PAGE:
The Port of Tyne is growing in popularity with cruise passengers (Image: CruiseBritain)
Almost two million British travellers took a cruise in 2017 – a record high for the country and a 0.5% growth from 2016, according to a new report from Cruise Lines International Association (CLIA).
The Mediterranean remains the most popular cruise destination for British travellers, representing 37% of all sailings booked last year. Northern Europe and the Caribbean were the second and third most popular destinations, with the number of British nationals cruising to regions rising 7% and 3% respectively. Long-haul destinations also saw a boom last year, with travellers booking 25% more cruises in Africa and the Middle East, 22% more in China and the wider Asia region, and almost 25% more in South America and the Panama Canal. Canada and New England itineraries recorded the fastest growth, with bookings increasing by 33%.
CLIA’s report also revealed that ‘unusual’ and adventure-style itineraries in destinations like the Antarctic, Arctic and Galapagos rose by 3% in 2017, while river cruising underwent ‘somewhat of a renaissance’ as new ships, onboard experiences and onboard experiences became available to holidaymakers.
“We are delighted that the number of British travellers choosing to cruise continues to rise,” said Andy Harmer, senior vice president and director of CLIA UK & Ireland. “There has never been a broader choice of ships boasting incredible onboard amenities, itinerary, or type of cruise, and with more than 27 new ships being delivered globally in 2018 alone, this is set to continue this year, into 2019, and beyond.”
Cruises from the UK are also rising rapidly, with the number of passengers embarking on ships from British ports soaring 6% year-on-year to hit 1.1 million in 2017, according to a new CruiseBritain report.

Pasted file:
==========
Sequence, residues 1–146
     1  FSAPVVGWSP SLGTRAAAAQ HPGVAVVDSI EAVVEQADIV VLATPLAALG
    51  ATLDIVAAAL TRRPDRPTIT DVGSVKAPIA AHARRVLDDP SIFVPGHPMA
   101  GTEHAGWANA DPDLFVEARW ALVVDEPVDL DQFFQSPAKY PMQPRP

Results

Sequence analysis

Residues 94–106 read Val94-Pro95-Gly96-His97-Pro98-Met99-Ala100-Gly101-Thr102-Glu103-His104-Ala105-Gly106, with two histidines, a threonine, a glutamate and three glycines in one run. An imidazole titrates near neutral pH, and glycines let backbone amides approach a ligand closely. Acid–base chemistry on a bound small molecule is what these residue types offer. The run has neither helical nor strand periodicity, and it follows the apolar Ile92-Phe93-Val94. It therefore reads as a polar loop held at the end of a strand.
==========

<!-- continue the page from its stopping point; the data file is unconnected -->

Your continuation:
The latest CruiseBritain figures also showed that the number of cruise passengers visiting Britain on day calls has quadrupled from just 365,000 in 2007 to reach 1.42 million in 2017. Numbers rose 17% between 2016 and 2017.
Last year, cruise passengers arrived at 68 UK cruise ports on 120 different ships from 56 cruise lines, many of which called on multiple occasions. Particularly strong regional growth was seen at a number of ports including Douglas on the Isle of Man, Kirkwal in Orkney, Portland and the Port of Tyne in Newcastle.
‘Round Britain’ and Irish Sea cruises continued to develop as an ideal way of exploring Britain’s various coasts, castles, cities and countryside destinations. The short sailing distances between Britain’s shores and adjoining countries have also helped to grow itinerary possibilities and popularity.
‘‘Increasingly, Britain really can offer a port for every cruise ship currently sailing – from expedition ships to mid-range or boutique vessels, up to the largest afloat,” said James Stangroom, chair of CruiseBritain. “Many of the UK’s ports can handle both day calls and embarkations which increases the opportunity to grow the nation’s cruise business. As the global cruise market continues its growth trend, we are confident that Britain’s appeal as a cruise destination will mirror that trend.’’
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